TORONTO—A sign isn’t just a sign when it’s 3D animated, interactive and helps move people where they need to go—it’s a wayfinding digital signage system. Janus Displays by Morrow Technologies launched a new product at HFTP’s Hospitality Industry Technology Exposition and Conference (HITEC) Toronto that is outfitted with leading-edge technology for more functionality and aims to be visually appealing to the end user.
“Janus has been doing digital signage for more than 30 years in North America and we’ve worked with all the major hotel brands. Our core business is something we take seriously. It is being developed around these big brands and it’s about working hand-in-hand with them to create tools that meet their needs,” said Jason Hutty, marketing director, Janus Displays, based in St. Petersburg, FL. “The state of technology is developing, and hospitality is a brand-driven business. Janus has had a focus on brand and design quality and what’s important to our customers. We’ve seen in wayfinding signage that it’s very generic and flat, and while function is very important for our clients and their customers, we don’t believe the product has to sacrifice design and brand standards.”
Janus Displays plays a key part in the brand experience mainly because digital signage is so prominent. It’s a feature used daily for guests navigating their way to meetings and events or on-site amenities such as the pool, spa or restaurant.
Interactive touchscreens with wayfinding methods incorporated are something Janus has done for a long time, Hutty noted. The new 3D interactive wayfinding solution provides guests with animated directions to a meeting space or amenity. The solution has been in the making for the past 30 years, but actual development of the solution took a solid 18 months. Hilton, Sheraton and Marriott properties are on the company’s client roster.
“These things are a big part of the brand and interior design, adding the company or hotel logo so it’s branded according to the hotel brand’s guidelines,” said Hutty. “Not only do we work to ensure our digital signage meets the requirements of the brand, we develop signage standards for any brand globally.”
On the back-end, the signage solution is powered by Vizia, a digital signage software suite, and a content management system for scheduling events that interfaces with all revenue management systems.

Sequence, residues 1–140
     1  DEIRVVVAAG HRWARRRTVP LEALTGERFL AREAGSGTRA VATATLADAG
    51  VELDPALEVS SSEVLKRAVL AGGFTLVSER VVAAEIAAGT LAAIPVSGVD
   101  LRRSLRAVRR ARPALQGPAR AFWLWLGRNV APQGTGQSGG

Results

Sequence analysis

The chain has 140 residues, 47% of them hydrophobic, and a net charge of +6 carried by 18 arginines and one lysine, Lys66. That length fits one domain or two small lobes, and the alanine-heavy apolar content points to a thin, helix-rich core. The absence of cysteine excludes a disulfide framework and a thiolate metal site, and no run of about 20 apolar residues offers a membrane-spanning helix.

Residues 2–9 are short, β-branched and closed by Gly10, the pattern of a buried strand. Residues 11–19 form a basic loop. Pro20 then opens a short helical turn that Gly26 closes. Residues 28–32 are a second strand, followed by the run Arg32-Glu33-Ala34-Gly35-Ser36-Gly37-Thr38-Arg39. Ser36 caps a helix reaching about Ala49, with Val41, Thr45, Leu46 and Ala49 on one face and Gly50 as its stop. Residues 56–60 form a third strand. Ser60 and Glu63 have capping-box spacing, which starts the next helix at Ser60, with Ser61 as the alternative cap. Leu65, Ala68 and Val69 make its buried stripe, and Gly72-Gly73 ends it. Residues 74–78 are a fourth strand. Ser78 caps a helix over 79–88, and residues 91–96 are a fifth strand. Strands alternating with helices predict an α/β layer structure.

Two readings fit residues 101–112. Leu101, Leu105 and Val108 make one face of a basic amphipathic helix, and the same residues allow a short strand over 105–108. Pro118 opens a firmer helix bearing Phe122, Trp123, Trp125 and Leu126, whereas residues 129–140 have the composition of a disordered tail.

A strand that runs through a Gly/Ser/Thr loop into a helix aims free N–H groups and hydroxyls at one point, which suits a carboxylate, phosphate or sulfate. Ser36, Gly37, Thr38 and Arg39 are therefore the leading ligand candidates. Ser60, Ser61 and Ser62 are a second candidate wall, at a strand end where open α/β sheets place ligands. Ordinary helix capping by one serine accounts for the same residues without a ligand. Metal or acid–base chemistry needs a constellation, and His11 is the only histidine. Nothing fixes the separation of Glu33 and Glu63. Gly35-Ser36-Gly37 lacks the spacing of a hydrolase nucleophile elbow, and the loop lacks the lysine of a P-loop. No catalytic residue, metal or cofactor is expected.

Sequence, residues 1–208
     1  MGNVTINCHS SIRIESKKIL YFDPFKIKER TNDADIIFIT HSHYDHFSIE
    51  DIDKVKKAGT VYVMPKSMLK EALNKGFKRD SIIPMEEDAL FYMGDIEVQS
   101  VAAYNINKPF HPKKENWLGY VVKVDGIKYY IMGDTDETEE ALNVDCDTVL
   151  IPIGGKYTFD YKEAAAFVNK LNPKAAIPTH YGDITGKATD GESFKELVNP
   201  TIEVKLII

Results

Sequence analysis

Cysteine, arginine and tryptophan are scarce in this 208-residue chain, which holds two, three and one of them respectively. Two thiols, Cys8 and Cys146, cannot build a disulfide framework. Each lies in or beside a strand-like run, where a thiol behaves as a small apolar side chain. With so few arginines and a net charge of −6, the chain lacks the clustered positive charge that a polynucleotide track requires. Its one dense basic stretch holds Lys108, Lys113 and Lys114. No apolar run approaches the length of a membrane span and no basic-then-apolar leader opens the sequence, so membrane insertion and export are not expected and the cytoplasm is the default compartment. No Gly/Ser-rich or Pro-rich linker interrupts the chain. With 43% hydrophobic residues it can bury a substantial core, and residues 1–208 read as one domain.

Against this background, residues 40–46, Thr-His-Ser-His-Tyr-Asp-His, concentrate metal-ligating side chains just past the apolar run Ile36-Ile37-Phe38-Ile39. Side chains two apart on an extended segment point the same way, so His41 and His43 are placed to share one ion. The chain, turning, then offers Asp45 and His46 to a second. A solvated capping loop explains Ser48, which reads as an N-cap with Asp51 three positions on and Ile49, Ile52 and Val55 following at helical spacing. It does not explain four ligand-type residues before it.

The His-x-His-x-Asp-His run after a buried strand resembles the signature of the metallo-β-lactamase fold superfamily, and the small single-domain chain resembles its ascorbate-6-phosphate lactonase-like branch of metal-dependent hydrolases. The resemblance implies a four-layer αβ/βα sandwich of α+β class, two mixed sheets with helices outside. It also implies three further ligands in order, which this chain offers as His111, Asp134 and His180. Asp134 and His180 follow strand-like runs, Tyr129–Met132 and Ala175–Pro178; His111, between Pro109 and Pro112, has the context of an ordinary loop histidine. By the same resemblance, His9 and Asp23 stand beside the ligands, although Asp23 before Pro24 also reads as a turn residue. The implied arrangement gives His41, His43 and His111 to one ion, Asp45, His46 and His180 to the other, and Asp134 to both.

Always working on new ideas, Hutty explained this new product was borne of the way we constructed our wayfinding maps for a long time. “We’ve always drawn our maps in 3D design tools, but never found an interface technology that really suited them, so we exported them in a different way,” he said. “There’s no shortage of players doing basic, but functional 3D maps. We’ve been working on doing it better and keeping it pretty. We launched it at HITEC. For us, it was a nervous time, but exciting to show our longstanding customers who got a chance to play with it, and we received good feedback. It was also an opportunity to really listen and let that guide us over the next 12 months. It’s a new product for us and we have a million ideas, so it’s infinitely more valuable to get ideas from our clients.”
The new interface is kept clean and simple for an intuitive experience, while being fully interactive. Hutty explained that it was imperative to ensure the presentation was in line with what Janus clients have come to expect.
“We maintained what they wanted from a design point of view and took their feedback to implement features our clients wanted. We have a long ream of ideas, but it’s much more valuable to get the feedback,” he said.
Whether it’s an interactive screen or an individual user perusing a static screen, the goal is for the hotel to service all guests and not just one. The new signage solution aims to provide a frictionless experience for guests, getting them where they need to go quickly and efficiently.
It’s a really exciting time for the hotel business and, therefore, for Janus. Technology is moving at a faster pace and we’re privileged to have hardware that can do what we need,” he said. “We wish to develop tools to keep on developing for another 30 years.”